The large e-commerce affiliate network known as Commission Junction (CJ) is gearing up a campaign that uses automated searches of the Web to catch dishonest participants.
The network has contracted with Cyveillance, a firm that monitors the online use of trademarked terms, to “spider” the Internet seeking affiliates that generate commissions without legitimately earning them.
I wrote last week that CJ and its subsidiary, BFAST, had permanently banned one of the largest “loyalty” programs on the Web, Shop At Home Select. CJ officials state that the program promised rebates to consumers who used the company’s software to shop, but that the software was too often installed without users’ knowledge. Shop At Home said in a statement that this was a misunderstanding.
With Shop At Home out of the picture, many other CJ affiliates may now be fingered by their own software practices if Cyveillance’s spidering technology is successful.
Searching For Banned Practices
In a telephone interview, Terance Kinsky, director of network quality for CJ, described three kinds of prohibited behaviors that Cyveillance is being paid to look for:
• Cookie stuffing. Many e-commerce merchants in CJ’s network pay a commission for every buying customer whose PC bears a “cookie” from an affiliate’s site. The cookie, a small text file, shows that the customer first visited the affiliate and then clicked a link that took him or her to a merchant’s Web page.
Some dishonest affiliates write not just one cookie to visitors’ PCs, but several. Each cookie is specific to a different merchant. Say a shopper visits, for example, Bob’s Golf Clubs. At a later time, the person buys something from Jo’s Golfing. Thanks to cookie stuffing, commissions could wrongly be paid to Bob even though his site had done nothing to send buyers to Jo’s site.
• Forced clicks. According to Kinsky, “the definition of a forced click is that the end user is not taking the action himself.” An example would be a pop-up window that an affiliate site displays, which should not have been displayed unless the user had clicked a link to request it.
Kinsky acknowledges that pop-up windows and other techniques used by adware and spyware will not presently be caught by Cyveillance. That’s because these memory-resident programs exist on users’ PCs. Cyveillance searches for data only on Web servers. But some techniques that Web servers use to trick customers into clicking links can be detected by spidering, Kinsky says.
• Security exploits. Many crooked Web operators install software onto visitors’ PCs using known security flaws in Microsoft’s Internet Explorer (IE) browser. For example, ActiveX modules, which work only on IE, can install software without any meaningful notice being displayed to the PC user.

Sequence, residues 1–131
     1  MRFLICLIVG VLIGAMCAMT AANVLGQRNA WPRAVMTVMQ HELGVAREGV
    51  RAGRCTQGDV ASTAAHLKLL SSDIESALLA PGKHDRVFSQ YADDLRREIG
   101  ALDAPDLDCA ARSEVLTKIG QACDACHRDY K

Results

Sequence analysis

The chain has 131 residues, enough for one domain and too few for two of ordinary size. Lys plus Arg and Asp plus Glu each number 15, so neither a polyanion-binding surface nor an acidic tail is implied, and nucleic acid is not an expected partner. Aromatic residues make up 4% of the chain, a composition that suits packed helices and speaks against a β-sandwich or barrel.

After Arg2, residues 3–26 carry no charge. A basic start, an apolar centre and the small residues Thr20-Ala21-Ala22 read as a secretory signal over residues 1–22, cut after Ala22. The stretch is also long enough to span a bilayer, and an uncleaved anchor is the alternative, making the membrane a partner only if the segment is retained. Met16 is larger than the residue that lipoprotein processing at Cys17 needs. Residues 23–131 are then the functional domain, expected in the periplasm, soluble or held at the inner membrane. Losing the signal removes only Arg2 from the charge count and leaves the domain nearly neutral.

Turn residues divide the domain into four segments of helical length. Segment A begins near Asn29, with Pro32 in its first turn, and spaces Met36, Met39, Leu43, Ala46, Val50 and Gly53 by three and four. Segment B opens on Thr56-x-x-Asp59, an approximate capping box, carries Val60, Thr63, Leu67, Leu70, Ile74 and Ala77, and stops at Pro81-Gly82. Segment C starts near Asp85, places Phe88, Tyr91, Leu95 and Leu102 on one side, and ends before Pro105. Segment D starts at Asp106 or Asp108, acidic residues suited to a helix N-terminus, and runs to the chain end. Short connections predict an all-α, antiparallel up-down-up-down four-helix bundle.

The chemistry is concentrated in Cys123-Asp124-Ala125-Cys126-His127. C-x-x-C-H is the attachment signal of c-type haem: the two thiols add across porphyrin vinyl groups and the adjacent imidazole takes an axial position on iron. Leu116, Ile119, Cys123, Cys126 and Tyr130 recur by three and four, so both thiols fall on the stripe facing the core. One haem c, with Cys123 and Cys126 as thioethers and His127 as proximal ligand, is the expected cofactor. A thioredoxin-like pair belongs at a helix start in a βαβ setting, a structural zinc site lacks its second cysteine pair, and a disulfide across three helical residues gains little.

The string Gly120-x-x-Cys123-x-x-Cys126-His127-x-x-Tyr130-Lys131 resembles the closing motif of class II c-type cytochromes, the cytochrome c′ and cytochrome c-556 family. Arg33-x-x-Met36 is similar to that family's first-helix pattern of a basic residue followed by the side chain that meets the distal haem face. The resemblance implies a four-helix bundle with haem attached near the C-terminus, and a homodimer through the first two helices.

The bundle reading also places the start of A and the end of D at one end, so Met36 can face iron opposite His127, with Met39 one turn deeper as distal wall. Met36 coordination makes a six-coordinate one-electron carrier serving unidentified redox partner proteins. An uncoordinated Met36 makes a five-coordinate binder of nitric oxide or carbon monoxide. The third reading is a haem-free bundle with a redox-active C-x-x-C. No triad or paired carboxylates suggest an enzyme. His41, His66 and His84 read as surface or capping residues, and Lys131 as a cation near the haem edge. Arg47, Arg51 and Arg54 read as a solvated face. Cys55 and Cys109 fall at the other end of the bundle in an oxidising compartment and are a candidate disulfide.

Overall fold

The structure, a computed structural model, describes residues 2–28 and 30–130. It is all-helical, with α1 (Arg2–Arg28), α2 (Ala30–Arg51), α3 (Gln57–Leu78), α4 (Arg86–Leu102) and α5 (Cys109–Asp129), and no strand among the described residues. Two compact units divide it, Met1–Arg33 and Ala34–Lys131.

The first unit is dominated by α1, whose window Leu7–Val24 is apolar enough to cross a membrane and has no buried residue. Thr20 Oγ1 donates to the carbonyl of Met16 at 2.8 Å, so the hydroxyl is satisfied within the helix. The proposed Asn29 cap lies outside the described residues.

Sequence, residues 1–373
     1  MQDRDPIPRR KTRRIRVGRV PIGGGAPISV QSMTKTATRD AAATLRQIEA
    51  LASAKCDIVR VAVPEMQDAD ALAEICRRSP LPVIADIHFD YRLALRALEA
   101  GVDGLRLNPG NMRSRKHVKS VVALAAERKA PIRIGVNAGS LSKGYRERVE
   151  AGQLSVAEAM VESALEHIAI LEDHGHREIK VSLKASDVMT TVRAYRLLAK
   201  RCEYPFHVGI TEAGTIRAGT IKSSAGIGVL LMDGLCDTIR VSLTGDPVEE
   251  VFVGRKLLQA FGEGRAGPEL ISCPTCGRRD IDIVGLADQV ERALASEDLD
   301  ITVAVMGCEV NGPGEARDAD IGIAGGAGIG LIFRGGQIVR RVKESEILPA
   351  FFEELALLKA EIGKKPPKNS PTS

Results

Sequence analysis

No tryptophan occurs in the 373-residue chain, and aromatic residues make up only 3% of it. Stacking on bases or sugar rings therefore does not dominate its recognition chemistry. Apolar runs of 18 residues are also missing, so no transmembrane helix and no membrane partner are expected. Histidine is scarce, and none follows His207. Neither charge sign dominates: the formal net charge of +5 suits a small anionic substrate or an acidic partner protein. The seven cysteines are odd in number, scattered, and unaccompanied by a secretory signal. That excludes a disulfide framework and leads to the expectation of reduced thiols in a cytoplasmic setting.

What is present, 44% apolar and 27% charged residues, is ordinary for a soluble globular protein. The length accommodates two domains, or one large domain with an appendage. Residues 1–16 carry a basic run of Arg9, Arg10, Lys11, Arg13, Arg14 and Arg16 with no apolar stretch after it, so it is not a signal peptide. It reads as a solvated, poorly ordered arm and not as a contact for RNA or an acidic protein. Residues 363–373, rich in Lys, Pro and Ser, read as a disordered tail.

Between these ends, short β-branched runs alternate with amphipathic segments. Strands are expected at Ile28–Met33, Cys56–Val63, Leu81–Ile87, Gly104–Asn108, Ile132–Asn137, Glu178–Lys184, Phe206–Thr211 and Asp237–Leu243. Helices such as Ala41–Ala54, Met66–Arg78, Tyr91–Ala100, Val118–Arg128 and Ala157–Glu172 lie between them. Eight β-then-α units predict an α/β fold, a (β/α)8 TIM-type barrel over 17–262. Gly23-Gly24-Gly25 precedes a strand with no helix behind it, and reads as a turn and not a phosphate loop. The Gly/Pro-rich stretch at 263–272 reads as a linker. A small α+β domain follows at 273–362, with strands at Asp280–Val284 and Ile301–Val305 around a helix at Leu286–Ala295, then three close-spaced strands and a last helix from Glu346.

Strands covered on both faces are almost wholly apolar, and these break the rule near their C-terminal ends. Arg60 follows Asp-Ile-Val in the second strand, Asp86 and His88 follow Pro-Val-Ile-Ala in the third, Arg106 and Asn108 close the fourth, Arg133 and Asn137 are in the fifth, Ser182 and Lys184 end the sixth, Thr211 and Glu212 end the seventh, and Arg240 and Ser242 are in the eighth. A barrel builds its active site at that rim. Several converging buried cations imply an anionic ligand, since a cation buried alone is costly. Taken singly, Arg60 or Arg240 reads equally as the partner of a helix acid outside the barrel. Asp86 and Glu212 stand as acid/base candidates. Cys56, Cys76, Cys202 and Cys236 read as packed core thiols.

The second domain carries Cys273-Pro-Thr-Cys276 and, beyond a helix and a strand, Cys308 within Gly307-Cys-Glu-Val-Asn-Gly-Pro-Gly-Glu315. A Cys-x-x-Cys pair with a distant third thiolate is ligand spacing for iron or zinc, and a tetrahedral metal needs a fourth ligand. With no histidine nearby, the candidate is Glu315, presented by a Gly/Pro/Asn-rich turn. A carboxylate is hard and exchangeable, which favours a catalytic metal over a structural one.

Kinsky says Cyveillance is not yet spidering the Web looking for ActiveX exploits, but that it will start doing so as soon as CJ delivers a list of techniques to look for. That shouldn’t pose much of a problem. There are only a handful of ActiveX commands that can remotely install software, and they’re easy to spot in the lines of a Web site’s code.
A New Sheriff Comes To The Wild West
Since spidering isn’t that expensive — and CJ doesn’t have to search every page on the Web, only those sites that claim its affiliate commissions — one wonders why the major e-commerce networks haven’t automated the outing of the bad guys before this.
Part of the answer is that Internet monitoring raises many fears, both rational and irrational. Even Cyveillance’s name, a combination of “cyber” and “surveillance,” suggests a spy-vs.-spy operation.
A query in any search engine on the name cyveillance reveals blog after blog that claims nefarious acts. The company is said to (1) consume vast amounts of bandwidth in its searches, (2) ignore a file named Robots.txt, which can tell search engines not to index certain parts of a site, and (3) consort with the recording industry to persecute individuals who share copyrighted music.
In response, Eric Olson, the VP of solution assurance at Cyveillance, says, “We try to maintain a light footprint, and we try not to overburden a server” during searches. He acknowledges that the company’s spider does look at pages that a site’s Robots.txt file labels as excluded. But, he adds, “We couldn’t do our jobs if we listened to every Web site saying, don’t look at these pages.”
In fairness to Cyveillance, Robots.txt is an Internet practice that’s supposed to save search engines the trouble of indexing large unreadable files, such as relational databases. It was never intended to render totally invisible anything that a site owner wishes to hide.
As far as catching music-sharing individuals, Olson says Cyveillance is deliberately avoiding entanglements in the music business. “We’re very much not working with the RIAA [the Recording Industry Association of America],” which has filed numerous lawsuits against file sharers, he states.
Time To Throw Out The Bath Water
Hopefully, spidering the Web will result in dishonest affiliates getting the boot from CJ — and possibly other such networks that also face scam problems. Legitimate affiliates and merchants alike constantly grumble about shady Web site owners that take money out of the system without earning it.
At the same time as CJ’s detection mechanism becomes automated, though, Kinsky emphasizes that the human approach is still the best. People who see questionable practices should report them so CJ can investigate, he says. “Someone will buy a misspelling of a site” to get accidental traffic, he explains. A robotic spider might not know the difference, but it’s against CJ’s terms of service and affiliates can be banned for it.
Now looks like a good time for rogue e-commerce affiliates to clean up their acts and try to make money in an above-board way, for a change.